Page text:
Beyond busy-ness: in search of the “one thing necessary”…

Elena Duvernay - Fotolia.com
Elena Duvernay – Fotolia.com

Everybody’s busybusybusy, challenged by the sheer multitude of people and concerns that are vying for our attention and effort. It’s a struggle to keep the important things “front and center” and in focus. But that’s a struggle that always lies at the heart of the spiritual journey: choosing what to give ourselves to.

My days lately have been preoccupied with readying my house for sale, staying in touch with family, and generally getting things done that need to be done to move things forward. I’m making minor repairs, and even beginning to pack in advance for the move, although the house won’t be listed for another week and I don’t yet have another place to go. But it feels like things are meant to move quickly over the winter, when I’ll also have the care of Mother full-time. So I need to get ready. Nor do I want to miss the holidays. As Thanksgiving approaches and Christmas follows I’ll be celebrating differently this year — more simply than in the past: more focused on family, more peaceful, and (I hope) filled more with the remembrance and the meaning of what we celebrate than with the mechanics of celebrating.

Beyond all of this there’s something else that feels important to me: the book that I’ve wanted to write for a long time. I’ve put other projects aside to focus on this large one. It’s been slowly taking shape in my mind and continues to call me to pay attention, to work out the plot and the questions and to understand the characters fully enough to begin to tell the story. I’ve been doing research but not yet putting pen to paper. In spite of everything else that threatens to derail me from this, I need to keep it alive so I can learn whether I actually can do this thing that keeps tugging at me, by simply doing it. Only then will I really know whether it’s the new call of God on my life or not.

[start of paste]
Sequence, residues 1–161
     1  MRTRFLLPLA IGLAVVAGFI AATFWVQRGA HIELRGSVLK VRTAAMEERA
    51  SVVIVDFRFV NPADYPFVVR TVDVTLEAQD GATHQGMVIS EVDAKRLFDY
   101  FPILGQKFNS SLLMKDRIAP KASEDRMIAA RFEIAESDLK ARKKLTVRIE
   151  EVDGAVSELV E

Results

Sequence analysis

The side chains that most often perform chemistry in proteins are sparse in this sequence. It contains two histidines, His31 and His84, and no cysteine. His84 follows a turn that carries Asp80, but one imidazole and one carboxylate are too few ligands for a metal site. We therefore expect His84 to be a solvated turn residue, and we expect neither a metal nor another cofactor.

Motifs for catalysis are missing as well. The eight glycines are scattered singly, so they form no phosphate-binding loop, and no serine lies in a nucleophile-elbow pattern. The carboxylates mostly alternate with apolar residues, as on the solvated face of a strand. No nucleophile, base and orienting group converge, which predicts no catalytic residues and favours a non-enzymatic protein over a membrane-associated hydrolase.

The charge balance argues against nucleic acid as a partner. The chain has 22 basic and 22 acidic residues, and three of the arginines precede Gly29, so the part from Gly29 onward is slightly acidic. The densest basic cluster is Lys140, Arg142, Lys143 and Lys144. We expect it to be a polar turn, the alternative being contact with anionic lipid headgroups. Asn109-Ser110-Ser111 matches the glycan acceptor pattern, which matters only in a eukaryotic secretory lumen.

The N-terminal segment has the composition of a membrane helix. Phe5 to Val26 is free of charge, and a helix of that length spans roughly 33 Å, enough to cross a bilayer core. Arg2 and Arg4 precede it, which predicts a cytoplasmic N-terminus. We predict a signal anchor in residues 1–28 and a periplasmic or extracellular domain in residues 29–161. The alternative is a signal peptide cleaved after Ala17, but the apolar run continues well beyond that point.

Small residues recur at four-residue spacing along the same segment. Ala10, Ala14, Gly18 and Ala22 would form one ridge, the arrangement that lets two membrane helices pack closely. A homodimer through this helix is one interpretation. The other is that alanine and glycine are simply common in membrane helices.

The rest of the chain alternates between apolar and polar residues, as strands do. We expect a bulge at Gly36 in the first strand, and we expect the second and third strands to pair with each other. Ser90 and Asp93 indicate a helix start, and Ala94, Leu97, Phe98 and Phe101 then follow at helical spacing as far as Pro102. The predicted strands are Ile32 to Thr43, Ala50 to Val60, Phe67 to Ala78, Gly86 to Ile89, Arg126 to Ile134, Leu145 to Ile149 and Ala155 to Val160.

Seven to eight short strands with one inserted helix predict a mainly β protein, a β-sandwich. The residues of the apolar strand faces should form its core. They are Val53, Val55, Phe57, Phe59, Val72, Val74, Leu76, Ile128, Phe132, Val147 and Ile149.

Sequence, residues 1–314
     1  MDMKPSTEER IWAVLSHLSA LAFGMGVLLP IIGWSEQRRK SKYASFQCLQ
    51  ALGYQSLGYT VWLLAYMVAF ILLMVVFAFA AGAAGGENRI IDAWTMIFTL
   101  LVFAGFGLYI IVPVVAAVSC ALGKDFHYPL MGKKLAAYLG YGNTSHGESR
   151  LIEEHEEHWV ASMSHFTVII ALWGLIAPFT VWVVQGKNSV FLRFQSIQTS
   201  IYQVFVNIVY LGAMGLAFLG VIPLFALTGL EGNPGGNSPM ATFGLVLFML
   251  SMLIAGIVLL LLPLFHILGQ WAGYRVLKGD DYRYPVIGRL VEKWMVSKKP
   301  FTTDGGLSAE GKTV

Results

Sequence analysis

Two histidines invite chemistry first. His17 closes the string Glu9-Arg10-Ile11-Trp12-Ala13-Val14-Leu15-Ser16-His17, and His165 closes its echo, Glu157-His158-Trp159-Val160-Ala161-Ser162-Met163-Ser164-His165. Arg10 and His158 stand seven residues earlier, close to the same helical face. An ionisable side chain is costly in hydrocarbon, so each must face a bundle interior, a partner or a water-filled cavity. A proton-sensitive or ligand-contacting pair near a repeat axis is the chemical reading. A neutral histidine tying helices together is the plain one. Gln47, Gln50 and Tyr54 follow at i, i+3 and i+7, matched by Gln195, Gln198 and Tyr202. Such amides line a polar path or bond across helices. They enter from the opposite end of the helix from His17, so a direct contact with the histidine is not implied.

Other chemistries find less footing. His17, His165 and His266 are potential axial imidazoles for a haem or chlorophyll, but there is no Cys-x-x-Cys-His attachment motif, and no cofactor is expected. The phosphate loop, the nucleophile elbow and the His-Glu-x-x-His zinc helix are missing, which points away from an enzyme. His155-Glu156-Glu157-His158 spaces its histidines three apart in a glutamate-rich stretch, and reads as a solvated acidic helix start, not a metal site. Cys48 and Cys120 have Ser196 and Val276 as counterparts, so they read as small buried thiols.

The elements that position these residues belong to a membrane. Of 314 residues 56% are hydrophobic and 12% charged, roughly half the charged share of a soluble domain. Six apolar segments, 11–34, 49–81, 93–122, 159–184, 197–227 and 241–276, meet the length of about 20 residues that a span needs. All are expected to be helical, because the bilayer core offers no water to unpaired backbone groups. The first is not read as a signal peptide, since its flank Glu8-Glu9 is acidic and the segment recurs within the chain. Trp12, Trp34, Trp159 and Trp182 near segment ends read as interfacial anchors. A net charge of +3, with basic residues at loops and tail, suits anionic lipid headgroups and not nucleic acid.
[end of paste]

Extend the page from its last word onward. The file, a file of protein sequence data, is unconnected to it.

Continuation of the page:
So that’s how my spiritual life is flowing these days. I’m feeling both the outward pull of practical needs and the inner pull of important desires. I feel the desires of my family that I move closer to them, and my own need to “get my house in order” (in both the physical and the economic sense). I feel the desire of my inner self (so long buried and unheeded) to create something beautiful and meaningful, and of a heart that wants to be faithful to the disciplines that keep me open to God.

I want to do it all. It’s all important to me. But not everything is of the same importance. So how do we sort out, from the myriad things that claim our attention and effort, the few things we actually need to do? You may say to me, only one thing is necessary: to love God. But there are many ways to love God, many concrete ways to honor God with our life.

I remember how Jesus said to Martha that not all things are necessary, that her sister Mary was keeping faith with the one thing necessary for her to do on that day, in that moment, and that she (Martha) should do the same (Luke 10:38-42). So moment to moment I look for the one necessary thing to give myself to at that time, and that’s how I’m moving through the days. It’s a process of continual discernment, with an ear constantly listening for the Spirit’s guidance.  I may still get it wrong, get lost in the unimportant, or misread the needs of the moment. I know I waste more time than I should. But I live by grace, so I trust that, if my intention and desires are right, God will prevail and bring me to a good place in the end, even in spite of myself.

I pray that God may give us all the wisdom to recognize and the will to work toward, the genuinely important few things that matter most. Then I believe we’ll be able to live each day knowing we’ve spent our life as wisely as possible, doing the best we can.

May the abundant blessing of the Holy One be with you, and may you and yours have a happy, loving Thanksgiving!

Author: Linda Robinson

Writer, sketcher, Christian contemplative, concerned citizen.